>> With David Bellin he co-edited "Computers in Battle: Will They 
>> Work?", a book on the implications of computer technology in war, and 
>> was involved for many years in a rich collaboration with the 
>> Pugwash-USPID (Unione Scienziati Per Il Disarmo)-ISODARCO 
>> (International School on Disarmament and Research on Conflicts) 
>> community in Italy and elsewhere.
>>
>> Gary contributed chapters to several books that I was involved with. 
>> Most recently, he contributed /The Good Life,/ one of the patterns 
>> (publicsphereproject.org/patterns/lv 
>> <http://publicsphereproject.org/patterns/lv>) in /Liberating Voices/, 
>> a book that I wrote (with the help of 85 others). The verbiage from 
>> the pattern card abridged from the full text 
>> <http://www.publicsphereproject.org/patterns/print-pattern.php?begin=3> 
>> reminds us of Gary's humane values, and serves as an important 
>> challenge for all of us:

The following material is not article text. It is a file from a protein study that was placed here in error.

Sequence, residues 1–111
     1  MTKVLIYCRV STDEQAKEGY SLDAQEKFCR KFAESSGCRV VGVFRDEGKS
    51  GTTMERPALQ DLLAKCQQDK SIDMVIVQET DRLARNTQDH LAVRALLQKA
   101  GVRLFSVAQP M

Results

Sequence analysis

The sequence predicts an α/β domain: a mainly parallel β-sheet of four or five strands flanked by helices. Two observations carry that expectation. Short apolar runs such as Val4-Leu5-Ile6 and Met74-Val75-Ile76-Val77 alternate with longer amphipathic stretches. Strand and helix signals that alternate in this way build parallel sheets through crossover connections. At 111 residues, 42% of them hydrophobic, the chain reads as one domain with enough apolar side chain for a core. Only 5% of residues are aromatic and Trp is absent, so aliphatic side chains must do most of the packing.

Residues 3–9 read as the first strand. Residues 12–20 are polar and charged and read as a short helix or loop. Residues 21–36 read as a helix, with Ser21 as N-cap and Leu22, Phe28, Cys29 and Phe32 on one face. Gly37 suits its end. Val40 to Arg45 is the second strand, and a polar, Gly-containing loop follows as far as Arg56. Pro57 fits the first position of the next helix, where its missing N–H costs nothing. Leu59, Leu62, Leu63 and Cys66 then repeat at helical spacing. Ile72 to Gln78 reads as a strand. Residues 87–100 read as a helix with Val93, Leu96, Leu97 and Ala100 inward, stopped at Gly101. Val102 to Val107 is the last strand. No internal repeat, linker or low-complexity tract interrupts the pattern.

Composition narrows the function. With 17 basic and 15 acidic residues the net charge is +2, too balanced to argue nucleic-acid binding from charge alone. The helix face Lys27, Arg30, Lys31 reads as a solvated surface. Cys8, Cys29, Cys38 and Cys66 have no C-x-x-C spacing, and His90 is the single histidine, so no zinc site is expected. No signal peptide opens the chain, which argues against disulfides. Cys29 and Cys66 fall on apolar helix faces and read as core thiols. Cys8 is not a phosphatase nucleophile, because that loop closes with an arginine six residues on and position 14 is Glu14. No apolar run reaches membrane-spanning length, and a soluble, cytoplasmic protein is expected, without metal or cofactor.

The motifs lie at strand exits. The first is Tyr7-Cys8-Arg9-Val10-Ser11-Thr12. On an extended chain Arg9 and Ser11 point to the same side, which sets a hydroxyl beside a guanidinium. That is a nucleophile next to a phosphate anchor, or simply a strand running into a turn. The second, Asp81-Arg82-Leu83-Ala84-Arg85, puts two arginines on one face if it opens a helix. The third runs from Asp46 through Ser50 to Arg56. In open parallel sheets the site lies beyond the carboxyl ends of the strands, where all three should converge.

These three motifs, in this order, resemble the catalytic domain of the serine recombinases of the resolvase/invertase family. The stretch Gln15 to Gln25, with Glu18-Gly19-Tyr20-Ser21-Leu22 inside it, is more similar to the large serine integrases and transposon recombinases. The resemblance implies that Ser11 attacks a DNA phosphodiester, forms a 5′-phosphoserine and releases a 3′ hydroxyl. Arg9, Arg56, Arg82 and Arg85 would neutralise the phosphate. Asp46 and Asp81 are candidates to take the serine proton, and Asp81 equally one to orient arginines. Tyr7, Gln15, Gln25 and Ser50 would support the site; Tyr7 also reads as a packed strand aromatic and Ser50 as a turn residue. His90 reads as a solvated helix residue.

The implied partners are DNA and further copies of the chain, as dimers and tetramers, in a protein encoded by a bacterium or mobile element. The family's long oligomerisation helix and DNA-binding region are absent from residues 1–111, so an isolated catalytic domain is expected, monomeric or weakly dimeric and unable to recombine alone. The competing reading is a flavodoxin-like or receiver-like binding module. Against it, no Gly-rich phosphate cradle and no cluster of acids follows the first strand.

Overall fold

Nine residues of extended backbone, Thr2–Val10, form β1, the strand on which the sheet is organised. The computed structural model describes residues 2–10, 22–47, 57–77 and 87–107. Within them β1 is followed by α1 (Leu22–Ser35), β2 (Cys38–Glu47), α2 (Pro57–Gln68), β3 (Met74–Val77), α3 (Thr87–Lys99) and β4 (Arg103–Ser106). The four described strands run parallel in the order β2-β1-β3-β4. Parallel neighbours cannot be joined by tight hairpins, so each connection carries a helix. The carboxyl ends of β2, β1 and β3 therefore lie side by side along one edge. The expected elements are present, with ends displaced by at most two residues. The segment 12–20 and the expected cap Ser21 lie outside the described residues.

>>
>> People who hope for a better world feel the need for a shared vision 
>> of the "good life" that is flexible enough for innumerable individual 
>> circumstances but comprehensive enough to unite people in optimistic, 
>> deliberate, progressive social change. This shared vision of The Good 
>> Life should promote and sustain conviviality and solidarity among 
>> people, as well as feelings of individual effectiveness, self-worth 
>> and purpose. A shared vision of The Good Life is always adapting; it 
>> encompasses suffering, loss and conflict as well as pleasures, 
>> reverence and common goals of improvement. An emergent framework for 
>> the modern "good life" is based on some form of humanism, 
>> particularly pragmatic or civic humanism, with room for a spiritual 
>> dimension that does not seek domination. Finally, the environmental 
>> crises of the planet require a broad vision of a "good life" that can 
>> harmonize human aspirations with natural limits. All this needs to be 
>> an ongoing and open-ended "conversation," best suited to small